Aims and objectives
There are many angles from which a literature review can be approached. You could be looking at the theoretical arguments and premises of your subject, maybe the paradigms and methodology, policies that have been adopted or maybe quantitive (effectiveness of new procedures) or qualitative research (case studies.). Although many strands of literature reviews will intertwine and cross over at some point, it is very important that you define the standpoint of your review and understand its parameters, or there is a very real danger that you may stray from the point of your review (Ridley, 2008).
First it is really important to take some time to really think about your approach before you begin work. Many projects have failed purely because the aim of the review was not clear in the head of the reviewer and that consequently was responsible for the production of a woolly and rambling piece of work, which failed to establish any point adequately.
So it is essential to identify the aims of your review before you start. Are you attempting to produce an overview of the subject or in reviewing the literature are you undertaking stand-alone research?
In either case draw up a list of the sources that will supply the information you need. Study the references given in those pieces of work for a broader understanding of the topic. To give contrast and spark debate, always try to find sources whose opinions differ in some respect so that you can demonstrate your own understanding and interpretation of the subject. Sweetnam (2000) When you are referring to the basis from which theories have been developed. For example if you were studying economics, start with a reference to and study of those the early days of the theory or development of a subject (Todaro, 1997). Go on to extrapolate the theories or findings, through subsequent works by different exponents ending with your own findings, supported by references to the material you have presented. If the work is intended to represent stand-alone research make your findings clear and your suggestions for further study obvious.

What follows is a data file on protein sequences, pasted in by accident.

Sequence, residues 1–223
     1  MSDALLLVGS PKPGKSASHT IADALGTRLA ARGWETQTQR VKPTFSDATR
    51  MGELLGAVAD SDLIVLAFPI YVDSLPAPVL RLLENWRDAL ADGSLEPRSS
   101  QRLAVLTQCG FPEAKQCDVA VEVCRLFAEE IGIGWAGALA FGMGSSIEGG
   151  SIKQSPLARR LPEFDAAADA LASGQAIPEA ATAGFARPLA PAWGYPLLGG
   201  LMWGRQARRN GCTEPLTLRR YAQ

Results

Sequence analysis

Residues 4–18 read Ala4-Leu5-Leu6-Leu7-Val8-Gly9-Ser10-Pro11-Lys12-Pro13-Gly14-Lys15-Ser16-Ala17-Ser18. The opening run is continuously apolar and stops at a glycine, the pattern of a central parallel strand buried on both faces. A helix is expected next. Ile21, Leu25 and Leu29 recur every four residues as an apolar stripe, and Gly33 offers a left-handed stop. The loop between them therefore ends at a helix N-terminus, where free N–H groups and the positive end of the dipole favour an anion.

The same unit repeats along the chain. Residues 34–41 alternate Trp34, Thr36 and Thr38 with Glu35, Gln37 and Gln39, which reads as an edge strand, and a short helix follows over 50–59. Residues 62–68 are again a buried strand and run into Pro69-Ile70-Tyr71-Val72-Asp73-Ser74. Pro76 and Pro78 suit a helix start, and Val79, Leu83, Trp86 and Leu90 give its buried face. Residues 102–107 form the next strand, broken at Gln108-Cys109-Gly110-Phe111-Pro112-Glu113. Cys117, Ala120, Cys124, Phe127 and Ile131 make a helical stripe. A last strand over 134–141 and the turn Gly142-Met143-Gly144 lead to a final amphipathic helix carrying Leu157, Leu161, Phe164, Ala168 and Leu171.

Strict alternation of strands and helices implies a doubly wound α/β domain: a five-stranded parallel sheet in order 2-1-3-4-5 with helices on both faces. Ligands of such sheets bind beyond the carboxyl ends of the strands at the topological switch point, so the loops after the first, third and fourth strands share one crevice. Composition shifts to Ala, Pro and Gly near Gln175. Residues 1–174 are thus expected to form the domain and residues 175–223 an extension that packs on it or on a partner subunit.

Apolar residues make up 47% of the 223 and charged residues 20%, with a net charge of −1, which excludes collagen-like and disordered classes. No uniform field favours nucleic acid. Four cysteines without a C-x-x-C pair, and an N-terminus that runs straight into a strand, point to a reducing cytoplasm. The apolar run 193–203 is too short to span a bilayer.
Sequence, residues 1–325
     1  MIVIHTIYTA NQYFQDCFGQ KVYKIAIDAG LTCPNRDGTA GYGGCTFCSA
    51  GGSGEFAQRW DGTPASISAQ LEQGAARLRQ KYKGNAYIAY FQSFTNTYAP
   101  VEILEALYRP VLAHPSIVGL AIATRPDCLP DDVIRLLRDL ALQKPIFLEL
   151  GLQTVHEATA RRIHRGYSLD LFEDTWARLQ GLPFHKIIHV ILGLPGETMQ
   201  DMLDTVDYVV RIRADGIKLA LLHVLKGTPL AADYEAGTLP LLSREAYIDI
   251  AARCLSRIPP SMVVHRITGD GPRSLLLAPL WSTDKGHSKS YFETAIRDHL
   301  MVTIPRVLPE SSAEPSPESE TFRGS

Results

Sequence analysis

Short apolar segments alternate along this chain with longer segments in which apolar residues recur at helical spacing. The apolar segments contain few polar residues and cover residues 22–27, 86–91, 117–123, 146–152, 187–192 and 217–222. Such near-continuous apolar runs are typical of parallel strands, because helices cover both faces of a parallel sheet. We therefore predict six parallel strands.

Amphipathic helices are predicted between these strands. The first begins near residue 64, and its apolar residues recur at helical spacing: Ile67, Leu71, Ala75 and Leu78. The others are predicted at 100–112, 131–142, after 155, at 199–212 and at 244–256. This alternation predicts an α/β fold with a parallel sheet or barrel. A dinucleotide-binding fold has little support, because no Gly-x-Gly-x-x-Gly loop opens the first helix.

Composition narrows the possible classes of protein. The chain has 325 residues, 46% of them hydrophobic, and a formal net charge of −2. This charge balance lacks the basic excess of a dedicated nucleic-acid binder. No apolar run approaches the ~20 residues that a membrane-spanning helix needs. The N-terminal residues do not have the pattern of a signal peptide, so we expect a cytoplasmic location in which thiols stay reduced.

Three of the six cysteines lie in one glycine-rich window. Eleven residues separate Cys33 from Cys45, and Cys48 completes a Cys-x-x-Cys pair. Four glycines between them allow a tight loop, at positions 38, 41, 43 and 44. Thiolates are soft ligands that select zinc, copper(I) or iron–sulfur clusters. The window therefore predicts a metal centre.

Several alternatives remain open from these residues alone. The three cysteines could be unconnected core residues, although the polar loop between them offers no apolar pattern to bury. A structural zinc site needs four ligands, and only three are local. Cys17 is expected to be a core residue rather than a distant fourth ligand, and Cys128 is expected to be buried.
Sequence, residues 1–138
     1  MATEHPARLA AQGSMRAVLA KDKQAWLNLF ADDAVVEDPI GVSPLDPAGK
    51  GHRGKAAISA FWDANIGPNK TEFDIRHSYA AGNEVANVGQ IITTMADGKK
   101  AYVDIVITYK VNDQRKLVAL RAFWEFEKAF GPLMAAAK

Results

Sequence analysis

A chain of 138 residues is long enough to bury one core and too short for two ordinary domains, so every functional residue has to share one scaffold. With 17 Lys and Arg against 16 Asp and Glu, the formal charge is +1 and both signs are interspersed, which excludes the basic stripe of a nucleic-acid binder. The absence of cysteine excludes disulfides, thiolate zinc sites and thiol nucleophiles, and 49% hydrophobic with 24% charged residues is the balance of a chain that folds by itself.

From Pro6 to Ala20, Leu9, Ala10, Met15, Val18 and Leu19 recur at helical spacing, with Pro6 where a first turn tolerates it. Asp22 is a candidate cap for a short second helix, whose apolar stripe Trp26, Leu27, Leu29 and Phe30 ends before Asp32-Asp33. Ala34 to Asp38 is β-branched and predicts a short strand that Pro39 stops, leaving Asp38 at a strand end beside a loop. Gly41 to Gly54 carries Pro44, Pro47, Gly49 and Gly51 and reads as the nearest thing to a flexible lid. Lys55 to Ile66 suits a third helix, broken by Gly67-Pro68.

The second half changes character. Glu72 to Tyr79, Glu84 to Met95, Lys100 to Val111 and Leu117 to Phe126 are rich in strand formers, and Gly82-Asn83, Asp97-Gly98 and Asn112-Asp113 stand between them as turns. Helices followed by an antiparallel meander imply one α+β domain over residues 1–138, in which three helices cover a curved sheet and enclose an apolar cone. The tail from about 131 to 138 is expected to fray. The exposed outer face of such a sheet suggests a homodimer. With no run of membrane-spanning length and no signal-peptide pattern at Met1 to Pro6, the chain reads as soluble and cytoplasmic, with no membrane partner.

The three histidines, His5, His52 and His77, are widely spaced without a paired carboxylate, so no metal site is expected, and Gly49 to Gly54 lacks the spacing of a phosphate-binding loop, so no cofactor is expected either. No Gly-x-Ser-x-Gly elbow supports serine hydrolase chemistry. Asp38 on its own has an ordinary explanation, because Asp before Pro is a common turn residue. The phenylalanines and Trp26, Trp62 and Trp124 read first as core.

At the end of any review work you should always take the opportunity to demonstrate the fact that you have understood the subject and have formulated your own ideas on how the subject should progress or what areas might be controversial or warrant further study for other reasons. As ever, always leave the reader with something to think about!